I've traveled with one but found I didn't like sleeping on it (I have a Tempurpedic at home) so I've gone back to a luxuriously thick self-inflator.

I support the need to be prepared for weather and temperatures far below what you expect. Trinidad is only 6,000 feet but a clear night can plunge into the high 20s. You can wake with heavy frost which means your tent is going to get packed wet. I carry neoprene gloves for packing wet and frosty camping gear. Besides knowing your sleeping arrangements will keep you comfy all the way down to about 20, you need to be able to keep warm in the mornings as you wait for breakfast.

Have fun.
I play go. I use Macintosh. Of course I ride a recumbent

Offline Westinghouse

Re: Sleeping pads
« Reply #8 on: September 08, 2011, 10:30:40 am »
The blue, closed-cell, foam pads at Wal Mart work just fine. They are extremely lightweight and cost only seven dollars. They  are rugged too.

Offline rjones35

Re: Sleeping pads
« Reply #9 on: September 08, 2011, 01:04:41 pm »
Thanks everybody!! After more thought and the advice and info from you guys, I splurged and got a Nemo Cosmo insulated pad.  I liked it because it has a built-in pillow, a foot pump and a regular mouth fill valve, and its wider than the regular sized pads, it would be a large I guess.  The baffles run across instead of the length of the pad, which, just laying on them in the store, I liked better.  We'll see how it as after a couple weeks worth of sleeping on it.  Thanks again!!! I went to Dynamic Earth in Kansas city, very helpful guys and a real nice store.

Offline bogiesan

Re: Sleeping pads
« Reply #10 on: September 11, 2011, 11:07:04 am »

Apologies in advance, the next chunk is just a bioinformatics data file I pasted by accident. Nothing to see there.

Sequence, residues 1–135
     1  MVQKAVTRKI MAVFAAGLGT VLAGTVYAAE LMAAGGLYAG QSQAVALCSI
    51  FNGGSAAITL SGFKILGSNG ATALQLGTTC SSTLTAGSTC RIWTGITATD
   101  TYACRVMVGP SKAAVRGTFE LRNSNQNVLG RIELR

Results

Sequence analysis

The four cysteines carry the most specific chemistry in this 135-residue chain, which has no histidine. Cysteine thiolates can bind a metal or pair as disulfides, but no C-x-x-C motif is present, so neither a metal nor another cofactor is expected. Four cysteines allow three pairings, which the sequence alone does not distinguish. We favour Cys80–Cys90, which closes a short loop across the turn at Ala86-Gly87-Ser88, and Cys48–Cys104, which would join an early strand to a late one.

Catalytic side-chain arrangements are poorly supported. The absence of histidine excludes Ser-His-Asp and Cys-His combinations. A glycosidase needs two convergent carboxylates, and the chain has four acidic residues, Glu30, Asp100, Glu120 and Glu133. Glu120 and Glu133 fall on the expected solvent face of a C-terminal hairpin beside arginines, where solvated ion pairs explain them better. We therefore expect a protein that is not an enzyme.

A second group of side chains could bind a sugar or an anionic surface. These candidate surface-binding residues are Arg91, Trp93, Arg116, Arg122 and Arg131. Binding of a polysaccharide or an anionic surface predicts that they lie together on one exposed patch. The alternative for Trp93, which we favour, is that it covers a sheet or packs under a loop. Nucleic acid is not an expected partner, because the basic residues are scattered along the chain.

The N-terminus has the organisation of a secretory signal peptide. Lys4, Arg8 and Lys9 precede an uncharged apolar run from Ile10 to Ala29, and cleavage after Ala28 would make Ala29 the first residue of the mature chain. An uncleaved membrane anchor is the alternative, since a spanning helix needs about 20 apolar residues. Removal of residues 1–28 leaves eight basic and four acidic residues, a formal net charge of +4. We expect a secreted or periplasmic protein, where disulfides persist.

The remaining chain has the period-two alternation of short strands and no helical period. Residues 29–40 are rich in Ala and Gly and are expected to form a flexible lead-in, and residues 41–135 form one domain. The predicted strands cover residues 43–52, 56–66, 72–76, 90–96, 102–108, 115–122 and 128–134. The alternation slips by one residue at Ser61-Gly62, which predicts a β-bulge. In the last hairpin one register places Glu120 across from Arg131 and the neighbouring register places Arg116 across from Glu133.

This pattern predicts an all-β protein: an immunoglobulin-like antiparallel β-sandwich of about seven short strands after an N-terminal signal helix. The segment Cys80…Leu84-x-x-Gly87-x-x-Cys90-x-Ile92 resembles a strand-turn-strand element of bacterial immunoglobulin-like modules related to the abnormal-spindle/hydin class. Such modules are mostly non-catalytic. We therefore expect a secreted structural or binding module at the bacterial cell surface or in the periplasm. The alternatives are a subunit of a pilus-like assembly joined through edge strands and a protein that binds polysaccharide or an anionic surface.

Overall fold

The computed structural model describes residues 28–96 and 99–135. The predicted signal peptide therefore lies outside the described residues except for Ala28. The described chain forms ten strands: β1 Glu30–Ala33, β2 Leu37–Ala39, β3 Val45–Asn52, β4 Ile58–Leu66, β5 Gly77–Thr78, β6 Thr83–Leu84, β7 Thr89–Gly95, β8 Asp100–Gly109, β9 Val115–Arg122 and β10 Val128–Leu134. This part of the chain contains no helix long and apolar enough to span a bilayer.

I'll be posting a separate note about this episode but I wanted to tell you that Cascade Designs has just notified me my 25 year-old Thermarest has been successfully repaired under warranty, at no charge, and is being returned.

I play go. I use Macintosh. Of course I ride a recumbent

Offline rjones35

Re: Sleeping pads
« Reply #11 on: September 15, 2011, 11:09:09 am »
A little follow up.  I've been sleeping on the NEMO for a few nights now, and its awesome, so far! Very comfy and warm!! Easy to inflate, not as easy as self inflating, but not too hard or time consuming.  Rolls up nice, I like it! I've got a few more weeks left, I'll keep you posted.

Offline mucknort

Re: Sleeping pads
« Reply #12 on: October 04, 2011, 11:26:02 am »
After much research, the Exped Synmat pads served a family of 3 for 4 months of bike touring. Since there were 3 of us, we bought the version w/o a built in pump and then bought their separate lightweight pump to save even more weight. Even when we hit snow in Yellowstone and night time lows of 20 degrees at the Grand Canyon, we slept warm. Great, comfortable pad!!!

Offline rjones35

Re: Sleeping pads
« Reply #13 on: October 08, 2011, 10:58:21 am »
So, an additional follow up....after three weeks sleeping on the NEMO.  It never really got cold on this trip, maybe 40, but the pad was warm, and I found that the amount I inflated it made a big difference in my sleeping comfort.  I would usually inflate it all the way and then lay on it and let a little air out to get it perfect!!  Definitely a good investment!! I'm glad I bought it before the trip.